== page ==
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I have the following problem:

double a = 6.005; double b = 5.995;

I want to set precision of doubles 2 digits after point, for example

double c = a+b;// I would like to get 11.99 not 12.00.

How can I do this?

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2  
Check your math !!! –  Pepe Jul 29 '11 at 14:58
    
Nevermind ... I got what you were trying to say now ... you want to throw away anything after the 2nd decimal.. –  Pepe Jul 29 '11 at 15:01
    
Exactly! Check your critical thinking!!! –  user712644 Jul 29 '11 at 15:06
1  
Check your tone... doing something wrong is one thing.. being proud and ignorant about it is something else.. I suggest that you rethink your 'solution' –  Pepe Jul 29 '11 at 15:12
    
Please do explain what a*b should be. double is of course a floating-point type, and your point doesn't float. –  MSalters Jul 29 '11 at 15:12

4 Answers 4

Precision is one thing; rounded for display is quite another.

I think this is wrong headed. You should want all the precision you can get and worry about rounding for display when the results are complete.

UPDATE:

You should not be representing currency using doubles. Last time I looked, C++ was an object-oriented language. You should create an abstraction for Money that does the right thing and abstracts these details away from clients of the class.

You can create a Money class that manages a private representation of the currency as cents if you're working in dollars. Do all your calculations using integers and render at the end.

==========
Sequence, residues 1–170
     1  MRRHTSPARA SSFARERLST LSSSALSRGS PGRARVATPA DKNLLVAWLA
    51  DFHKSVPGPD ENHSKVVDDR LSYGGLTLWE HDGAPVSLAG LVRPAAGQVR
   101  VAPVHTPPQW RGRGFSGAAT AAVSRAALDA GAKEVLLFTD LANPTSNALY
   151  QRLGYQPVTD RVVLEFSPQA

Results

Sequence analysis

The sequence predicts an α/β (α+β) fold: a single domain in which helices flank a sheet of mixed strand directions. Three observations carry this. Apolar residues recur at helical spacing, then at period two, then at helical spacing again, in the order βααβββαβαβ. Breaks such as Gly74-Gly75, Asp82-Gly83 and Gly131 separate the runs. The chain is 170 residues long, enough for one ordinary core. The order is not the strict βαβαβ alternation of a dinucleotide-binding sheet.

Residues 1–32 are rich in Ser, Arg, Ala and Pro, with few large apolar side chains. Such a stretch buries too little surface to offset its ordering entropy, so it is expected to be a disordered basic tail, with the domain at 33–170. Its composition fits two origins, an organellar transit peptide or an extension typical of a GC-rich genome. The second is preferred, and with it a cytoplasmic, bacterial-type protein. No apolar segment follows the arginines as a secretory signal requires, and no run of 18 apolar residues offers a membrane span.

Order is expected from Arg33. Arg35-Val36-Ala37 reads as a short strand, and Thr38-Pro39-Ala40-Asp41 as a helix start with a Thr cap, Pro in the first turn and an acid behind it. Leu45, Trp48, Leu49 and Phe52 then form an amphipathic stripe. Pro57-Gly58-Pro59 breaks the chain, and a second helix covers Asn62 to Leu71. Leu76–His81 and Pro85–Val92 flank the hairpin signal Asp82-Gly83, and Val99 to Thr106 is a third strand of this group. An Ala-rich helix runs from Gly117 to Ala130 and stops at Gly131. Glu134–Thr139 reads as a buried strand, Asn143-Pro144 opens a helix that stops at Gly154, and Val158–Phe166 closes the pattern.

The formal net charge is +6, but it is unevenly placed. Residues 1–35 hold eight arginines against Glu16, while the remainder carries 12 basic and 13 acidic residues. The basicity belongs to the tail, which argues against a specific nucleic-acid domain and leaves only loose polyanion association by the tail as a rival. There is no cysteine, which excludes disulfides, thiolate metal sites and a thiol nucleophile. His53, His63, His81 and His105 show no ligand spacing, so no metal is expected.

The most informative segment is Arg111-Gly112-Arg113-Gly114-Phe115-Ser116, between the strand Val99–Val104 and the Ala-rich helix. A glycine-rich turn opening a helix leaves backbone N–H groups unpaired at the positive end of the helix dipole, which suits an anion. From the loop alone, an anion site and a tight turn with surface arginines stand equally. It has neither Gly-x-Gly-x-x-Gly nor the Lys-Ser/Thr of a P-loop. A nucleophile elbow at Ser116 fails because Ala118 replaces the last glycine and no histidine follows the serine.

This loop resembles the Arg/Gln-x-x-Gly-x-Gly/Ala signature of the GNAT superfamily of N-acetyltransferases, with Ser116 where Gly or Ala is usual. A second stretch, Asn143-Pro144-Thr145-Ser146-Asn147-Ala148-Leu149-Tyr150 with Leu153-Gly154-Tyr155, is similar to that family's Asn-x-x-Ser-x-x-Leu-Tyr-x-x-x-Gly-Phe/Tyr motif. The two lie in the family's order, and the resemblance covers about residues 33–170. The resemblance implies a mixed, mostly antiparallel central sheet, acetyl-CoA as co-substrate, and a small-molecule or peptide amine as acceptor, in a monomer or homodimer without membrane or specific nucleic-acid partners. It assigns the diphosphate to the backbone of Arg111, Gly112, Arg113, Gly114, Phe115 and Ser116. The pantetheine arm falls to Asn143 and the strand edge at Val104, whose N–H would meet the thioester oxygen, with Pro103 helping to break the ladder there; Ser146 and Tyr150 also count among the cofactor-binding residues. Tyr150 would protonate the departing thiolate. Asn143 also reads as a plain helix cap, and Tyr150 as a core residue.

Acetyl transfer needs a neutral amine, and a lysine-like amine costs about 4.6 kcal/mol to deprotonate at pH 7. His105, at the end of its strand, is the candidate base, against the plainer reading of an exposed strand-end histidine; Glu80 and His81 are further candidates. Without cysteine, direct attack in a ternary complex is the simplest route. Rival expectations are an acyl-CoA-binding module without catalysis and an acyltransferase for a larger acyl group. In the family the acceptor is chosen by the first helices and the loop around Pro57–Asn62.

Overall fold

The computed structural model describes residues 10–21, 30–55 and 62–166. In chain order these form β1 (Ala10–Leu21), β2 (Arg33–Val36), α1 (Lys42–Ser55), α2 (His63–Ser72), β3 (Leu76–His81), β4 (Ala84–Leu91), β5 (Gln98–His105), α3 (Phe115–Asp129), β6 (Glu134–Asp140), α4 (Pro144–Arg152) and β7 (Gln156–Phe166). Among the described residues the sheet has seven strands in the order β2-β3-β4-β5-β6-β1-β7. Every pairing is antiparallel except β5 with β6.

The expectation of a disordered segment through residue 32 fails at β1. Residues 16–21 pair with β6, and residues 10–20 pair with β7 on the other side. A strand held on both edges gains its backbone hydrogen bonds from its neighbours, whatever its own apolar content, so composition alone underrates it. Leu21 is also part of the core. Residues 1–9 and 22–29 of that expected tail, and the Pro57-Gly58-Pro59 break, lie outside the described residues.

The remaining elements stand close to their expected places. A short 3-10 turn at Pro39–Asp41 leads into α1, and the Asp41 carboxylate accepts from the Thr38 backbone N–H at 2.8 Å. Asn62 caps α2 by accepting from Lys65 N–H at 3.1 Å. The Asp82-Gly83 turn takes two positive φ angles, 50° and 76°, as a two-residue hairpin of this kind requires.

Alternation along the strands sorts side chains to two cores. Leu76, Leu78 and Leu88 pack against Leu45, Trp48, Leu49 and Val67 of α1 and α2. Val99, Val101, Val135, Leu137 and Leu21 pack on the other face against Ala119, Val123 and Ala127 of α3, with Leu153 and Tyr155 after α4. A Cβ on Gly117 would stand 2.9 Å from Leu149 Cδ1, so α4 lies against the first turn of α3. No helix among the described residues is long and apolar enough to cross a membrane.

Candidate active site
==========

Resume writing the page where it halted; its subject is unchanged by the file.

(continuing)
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+1 I totally agree... rounding should be that last step in the calculation –  Pepe Jul 29 '11 at 15:03
1  
Suppose that this doubles mean dollars and cents! Then I can not have 11 dollars and 995 cents. So i want to know is there any ready function in C++ that do it for me 11.995==>11.99 –  user712644 Jul 29 '11 at 15:03
3  
You should not be representing currency using doubles. Last time I looked, C++ was an object-oriented language. You should create an abstraction for Money that does the right thing and abstracts these details away from clients of the class. –  duffymo Jul 29 '11 at 15:08
    
IIRC, banks typically do their math in microdollars. Yes, that's 6 extra digits, not 2. –  MSalters Jul 29 '11 at 15:15
    
Of course - they need powers for interest calculations. I'll bet they still aren't happy with double precision floating point numbers, either. Micro dollars will need longs at minimum. –  duffymo Jul 29 '11 at 15:39

I want to set precision of doubles 2 digits after point

Just multiply by 100 and use integers then.

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+1 for using fixed-point for this need. –  Mark B Jul 29 '11 at 14:57
    
I know that way. But is there any function in C++? I want to learn language. –  user712644 Jul 29 '11 at 15:00
1  
Just don't start multiplying them. –  R. Martinho Fernandes Jul 29 '11 at 15:05

You should probably use fixed point numbers:

unsigned int a = 600;
unsigned int b = 599;

unsigned int c = a + b;

unsigned int make_fixed(double d) { return d * 100; }

void print_fixed(unsigned int n) { std::cout << n/100 << "." << n%100; }
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1  
+1 But I would have wrapped it in its own fixed point class –  Loki Astari Jul 29 '11 at 16:07
    
Fixed point is definitely the correct answer here. –  ldog Feb 6 '12 at 1:28

No, you either need to adjust all values one by one (mul by 100, take int part, div by 100), or you need to write your own MySpecialDouble class (that does the same just behind the scene).

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